About two years ago, when Zachary was a 17-year-old high school senior in Stafford County, VA, a girl in his computer club invited him over to visit. She introduced him to her younger sister, age 13. This younger sister told Zachary he reminded her of a friend: this friend, also a 13-year-old girl, shared Zachary’s love of dragons and videogames.
The two 13-year-olds started skyping Zachary together. Eventually Zachary and the dragon-lover struck up a online friendship, which developed into a online romance. By the summer, a month after Zachary turned 18, the girl sent him five pictures of herself in her underwear. Her face was not visible, nor were her private parts.
Instead, he took a plea bargain. This is what prosecutors do: scare defendants into a deal. Zachary agreed to plead guilty to two counts of “indecent liberties with a minor.” For this, he will be registered as a violent sex offender for the rest of his life.
Yes, “violent”—even though he never met the girl in person.
Zachary’s dad wrote to the authorities asking about this, and got a letter back from the Virginia State Police reiterating that, “This conviction requires Zachary to register as a sexually violent offender.”
The letter added that in three years, “a violent sex offender or murderer” can petition to register less frequently than every three months.
“How do you like that?” said the dad in a phone conversation with me. “Same category as a murderer.”
As part of the plea, Zachary also agreed never to appeal. He will be sentenced on March 9. Until then, he remains in jail.
If this sounds like a punishment wildly out of whack with the crime, welcome to the world of teens, computers, and prosecutors who want to look tough on sex offenders. The girl did not wish to prosecute Zachary, according to his dad. He told me the pictures came to light because she had been having emotional issues, possibly due to her parents’ impending divorce. Eventually she was admitted to a mental health facility for treatment, and while there she revealed the relationship to a counselor. The counselor reported this to her mother, the police, or both (this part is unclear), leading the cops to execute a search warrant of Zachary’s electronic devices where they found the five photos and the chat logs.
Until that day, Zachary had never been suspected of, or charged with, any criminal activity other than one count of distracted driving, which he paid off with 15 hours of shelving library books. He was, at the time of his arrest, attending community college in computer graphics and delivering Domino’s Pizza. He was also, by his account, a virgin.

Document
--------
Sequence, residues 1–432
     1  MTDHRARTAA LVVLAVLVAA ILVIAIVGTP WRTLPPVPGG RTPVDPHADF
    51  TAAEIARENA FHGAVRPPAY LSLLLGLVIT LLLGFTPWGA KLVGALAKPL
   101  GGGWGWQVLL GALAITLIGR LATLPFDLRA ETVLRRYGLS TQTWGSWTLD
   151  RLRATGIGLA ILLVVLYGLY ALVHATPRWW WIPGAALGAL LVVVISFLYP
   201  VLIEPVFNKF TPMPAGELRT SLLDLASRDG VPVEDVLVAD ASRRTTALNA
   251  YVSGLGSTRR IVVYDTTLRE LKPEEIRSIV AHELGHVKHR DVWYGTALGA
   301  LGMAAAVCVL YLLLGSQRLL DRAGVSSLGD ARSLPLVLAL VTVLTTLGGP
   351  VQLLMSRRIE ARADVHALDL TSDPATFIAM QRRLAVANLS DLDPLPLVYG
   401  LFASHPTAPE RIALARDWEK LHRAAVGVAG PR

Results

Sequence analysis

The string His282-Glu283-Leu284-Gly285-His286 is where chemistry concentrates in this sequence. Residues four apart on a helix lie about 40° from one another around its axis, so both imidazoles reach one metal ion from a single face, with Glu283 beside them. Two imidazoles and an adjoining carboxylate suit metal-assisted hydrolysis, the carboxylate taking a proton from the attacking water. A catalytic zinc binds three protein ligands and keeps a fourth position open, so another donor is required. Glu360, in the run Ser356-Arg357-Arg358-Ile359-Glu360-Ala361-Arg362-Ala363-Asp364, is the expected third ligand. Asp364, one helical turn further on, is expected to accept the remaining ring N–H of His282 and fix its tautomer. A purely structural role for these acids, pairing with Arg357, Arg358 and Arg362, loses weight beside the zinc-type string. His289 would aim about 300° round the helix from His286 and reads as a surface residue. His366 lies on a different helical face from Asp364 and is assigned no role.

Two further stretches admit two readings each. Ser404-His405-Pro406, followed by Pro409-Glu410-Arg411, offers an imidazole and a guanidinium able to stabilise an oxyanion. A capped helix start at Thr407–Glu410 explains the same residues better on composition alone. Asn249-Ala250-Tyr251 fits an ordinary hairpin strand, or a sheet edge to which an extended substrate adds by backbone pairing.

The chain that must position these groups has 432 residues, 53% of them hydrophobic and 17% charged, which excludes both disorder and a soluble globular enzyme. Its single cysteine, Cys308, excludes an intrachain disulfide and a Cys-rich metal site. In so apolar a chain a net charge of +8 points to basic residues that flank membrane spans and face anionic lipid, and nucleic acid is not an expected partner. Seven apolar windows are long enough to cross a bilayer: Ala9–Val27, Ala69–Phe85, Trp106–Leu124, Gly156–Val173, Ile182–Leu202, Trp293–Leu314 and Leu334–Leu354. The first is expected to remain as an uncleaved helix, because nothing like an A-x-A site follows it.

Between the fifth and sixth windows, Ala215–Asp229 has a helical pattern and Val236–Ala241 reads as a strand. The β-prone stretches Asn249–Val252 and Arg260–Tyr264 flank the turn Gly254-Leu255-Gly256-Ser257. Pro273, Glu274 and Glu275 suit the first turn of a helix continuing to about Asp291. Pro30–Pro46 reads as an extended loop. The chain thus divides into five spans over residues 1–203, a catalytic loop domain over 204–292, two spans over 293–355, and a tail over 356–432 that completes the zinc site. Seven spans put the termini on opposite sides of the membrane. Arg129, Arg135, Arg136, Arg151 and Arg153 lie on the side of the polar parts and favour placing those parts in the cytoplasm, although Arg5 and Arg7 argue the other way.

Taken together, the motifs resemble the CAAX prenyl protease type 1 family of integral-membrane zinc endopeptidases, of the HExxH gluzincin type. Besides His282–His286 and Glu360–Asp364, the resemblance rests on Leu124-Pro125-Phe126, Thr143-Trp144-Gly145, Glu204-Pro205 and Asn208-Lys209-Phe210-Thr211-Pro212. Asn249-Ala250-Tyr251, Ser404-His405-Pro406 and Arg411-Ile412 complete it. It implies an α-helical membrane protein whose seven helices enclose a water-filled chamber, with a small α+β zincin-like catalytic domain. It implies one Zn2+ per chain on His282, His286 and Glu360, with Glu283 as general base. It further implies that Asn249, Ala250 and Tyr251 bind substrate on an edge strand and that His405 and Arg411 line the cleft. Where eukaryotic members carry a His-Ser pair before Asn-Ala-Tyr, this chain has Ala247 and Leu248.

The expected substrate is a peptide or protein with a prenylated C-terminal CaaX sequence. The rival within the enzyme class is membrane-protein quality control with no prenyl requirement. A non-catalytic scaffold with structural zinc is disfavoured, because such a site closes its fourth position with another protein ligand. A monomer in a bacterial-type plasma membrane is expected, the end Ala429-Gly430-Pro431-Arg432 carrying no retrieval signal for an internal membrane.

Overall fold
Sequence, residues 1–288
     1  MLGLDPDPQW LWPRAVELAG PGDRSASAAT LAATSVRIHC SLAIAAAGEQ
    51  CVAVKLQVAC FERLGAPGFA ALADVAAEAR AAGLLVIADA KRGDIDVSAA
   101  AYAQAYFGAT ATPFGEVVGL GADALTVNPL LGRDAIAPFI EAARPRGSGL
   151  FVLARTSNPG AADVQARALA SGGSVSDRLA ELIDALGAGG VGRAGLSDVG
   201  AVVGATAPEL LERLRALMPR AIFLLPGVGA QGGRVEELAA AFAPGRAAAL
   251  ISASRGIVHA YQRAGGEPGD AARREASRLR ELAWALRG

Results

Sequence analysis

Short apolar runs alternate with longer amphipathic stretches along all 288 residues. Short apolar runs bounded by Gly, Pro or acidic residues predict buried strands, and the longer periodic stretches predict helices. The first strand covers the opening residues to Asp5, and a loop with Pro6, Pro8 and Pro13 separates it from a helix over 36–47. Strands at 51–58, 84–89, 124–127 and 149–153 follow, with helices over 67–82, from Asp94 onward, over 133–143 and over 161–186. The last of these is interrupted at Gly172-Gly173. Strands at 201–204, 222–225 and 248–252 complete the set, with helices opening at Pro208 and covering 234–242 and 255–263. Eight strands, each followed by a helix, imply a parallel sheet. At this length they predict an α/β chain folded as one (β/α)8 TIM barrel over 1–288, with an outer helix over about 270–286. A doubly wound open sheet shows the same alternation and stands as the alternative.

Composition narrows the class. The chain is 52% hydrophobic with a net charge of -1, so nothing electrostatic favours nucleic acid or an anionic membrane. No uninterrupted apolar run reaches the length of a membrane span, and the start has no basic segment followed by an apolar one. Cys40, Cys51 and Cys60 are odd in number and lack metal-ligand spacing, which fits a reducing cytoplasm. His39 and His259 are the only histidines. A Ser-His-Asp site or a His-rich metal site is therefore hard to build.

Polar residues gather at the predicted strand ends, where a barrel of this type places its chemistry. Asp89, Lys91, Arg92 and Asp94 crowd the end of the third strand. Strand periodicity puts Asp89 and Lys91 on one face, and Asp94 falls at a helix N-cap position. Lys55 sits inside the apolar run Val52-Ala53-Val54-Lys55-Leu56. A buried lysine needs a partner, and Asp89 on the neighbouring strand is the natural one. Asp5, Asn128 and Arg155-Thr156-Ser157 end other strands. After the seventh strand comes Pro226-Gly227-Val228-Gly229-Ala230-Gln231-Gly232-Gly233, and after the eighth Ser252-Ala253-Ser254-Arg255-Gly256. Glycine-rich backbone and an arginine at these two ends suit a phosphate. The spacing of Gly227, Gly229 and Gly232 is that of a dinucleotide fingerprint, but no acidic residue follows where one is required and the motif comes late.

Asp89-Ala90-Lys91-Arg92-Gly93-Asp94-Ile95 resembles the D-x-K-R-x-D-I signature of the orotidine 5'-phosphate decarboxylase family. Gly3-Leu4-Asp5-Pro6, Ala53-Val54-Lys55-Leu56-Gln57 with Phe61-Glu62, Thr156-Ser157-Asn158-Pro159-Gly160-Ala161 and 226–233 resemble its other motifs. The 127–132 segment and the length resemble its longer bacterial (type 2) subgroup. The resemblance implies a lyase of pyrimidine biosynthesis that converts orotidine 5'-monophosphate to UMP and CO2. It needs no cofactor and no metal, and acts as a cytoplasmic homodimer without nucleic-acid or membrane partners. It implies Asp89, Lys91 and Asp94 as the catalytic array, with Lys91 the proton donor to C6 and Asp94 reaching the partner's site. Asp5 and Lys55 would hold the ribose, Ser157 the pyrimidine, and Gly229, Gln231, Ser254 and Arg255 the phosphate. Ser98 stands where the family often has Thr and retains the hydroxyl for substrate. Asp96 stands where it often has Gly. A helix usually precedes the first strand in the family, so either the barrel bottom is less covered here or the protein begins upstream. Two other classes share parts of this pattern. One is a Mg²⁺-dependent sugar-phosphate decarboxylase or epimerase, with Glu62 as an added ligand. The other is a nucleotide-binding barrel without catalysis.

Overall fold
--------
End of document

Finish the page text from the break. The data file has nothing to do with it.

The family hired two psychologists to evaluate Zachary, which I read. One psychologist, Mike Fray, found him to be “not a physical threat to this girl or to any other young girls.” The other, Evan S. Nelson, summed up this case and what is wrong with all the cases Zachary’s story represents:
This psychologist cannot count the number of adolescent sex offenders I have met who have a sense that what they are doing is ‘wrong’ but were ignorant that their conduct was criminal, let alone a felony, or actions which could put them on the Sex Offender Registry. In the teenage digital social world, if both parties want to talk about sex, that seems like ‘consent’ to them. Ignorance does not excuse this conduct, but it does help to explain why he did this, and to the degree that ignorance was an underlying cause of his crime, this problem can be easily fixed with education.
Zachary’s not a sexual predator, in the psychologist’s view. He’s a teen who did something stupid—that he quite plausibly didn’t understand was illegal. And yet the state of Virginia, and in particular prosecutor Ryan Frank, has chosen to pretend that the only way to keep Zachary from feverishly preying on young flesh is to destroy his life.
This is so obviously flawed that Virginia Speaker of the House of Delegates William J. Howell has written a letter on Zachary’s behalf:
Based on the information I have, I believe Zachary was unaware of the magnitude of impropriety in his behavior… It is my understanding that the local sheriff’s office performed a forensic analysis on Zachary’s computer and found zero incidents of pornography or trolling for females. While the aforementioned incident was highly inappropriate, it appears that there are no signs of general deviance in his character but rather immaturity and naivete….
As my record indicates, I am certainly not soft on crime and I am not suggesting that Zachary be spared any consequence of his actions. That said, I do believe this may be more of an incident of adolescent immaturity and poor judgment than of inherently deviant behavior and thus may not warrant being placed on the sex offender registry.
Outraged readers should root for two things. First, that this case prompts the Virginia legislature to review the laws that enable draconian persecutions like the one against Zachary.
Second, that Zachary be given a punishment that truly fits the “crime.” If you recall the case of another Zach—Zach Anderson, a 19-year-old who had sex with a girl he honestly believed was 17 (because she said so) but was actually 14—he was originally sentenced to 25 years on the sex offender registry. But after public outcry, he got two years’ probation instead, on a “diversion program.” A program like this is sometimes available for first-time offenders. It sounds far more reasonable. Or maybe Zachary could do some community service—like speaking at high school assemblies to warn students that what seems like consensual teenage shenanigans could land them on the registry for the rest of their lives.
“I know I’d never do it again because I don’t want to go back to jail again in my life,” Zachary told Nelson during his psychological evaluation. “And if nothing else, this has given me a fear of women.”